All outdoor gardens are currently open. The Conservatory and public restrooms remain closed, due to the closure of the U.S. Capitol campus buildings. Please monitor www.USBG.gov for updates on operating status. USBG resources can be accessed online, including educational materials, virtual tours, and online programs by visiting www.USBG.gov/AtHome.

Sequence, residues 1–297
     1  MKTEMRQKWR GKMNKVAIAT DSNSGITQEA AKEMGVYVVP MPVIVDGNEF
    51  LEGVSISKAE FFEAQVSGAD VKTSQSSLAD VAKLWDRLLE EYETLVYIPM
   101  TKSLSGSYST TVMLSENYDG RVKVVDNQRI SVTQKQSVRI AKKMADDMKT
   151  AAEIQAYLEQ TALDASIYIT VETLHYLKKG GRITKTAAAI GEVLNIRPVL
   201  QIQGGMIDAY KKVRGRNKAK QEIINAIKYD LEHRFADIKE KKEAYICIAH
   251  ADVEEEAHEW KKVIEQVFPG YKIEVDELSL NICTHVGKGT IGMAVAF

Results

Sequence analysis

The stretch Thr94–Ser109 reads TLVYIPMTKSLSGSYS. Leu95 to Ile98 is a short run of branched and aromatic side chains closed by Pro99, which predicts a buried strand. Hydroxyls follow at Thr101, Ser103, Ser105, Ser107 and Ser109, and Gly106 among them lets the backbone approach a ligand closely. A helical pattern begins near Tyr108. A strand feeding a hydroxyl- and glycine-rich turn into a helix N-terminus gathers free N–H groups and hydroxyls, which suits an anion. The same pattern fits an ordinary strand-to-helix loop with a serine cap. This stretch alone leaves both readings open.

Chionanthus pygmaeus, the pygmy fringe tree, is found only in (endemic to) the sandy soils of dry hammocks and pine forests in central Florida. The pygmy fringe tree depends on fire to maintain the open and exposed conditions it requires. It has adapted the ability to re-sprout from the roots after these historic periodic burns. Much of the habitat of has been lost due to residential development and citrus production. Suppression of the naturally occurring fires has also impeded its growth. As a result, Chionanthus pygmaeus has been listed as endangered, along with other plants occurring in the same habitat, such as Chapman oak, turkey oak, myrtle oak and sand pines. The United States Botanic Garden is working with many others in the protection of this plant species.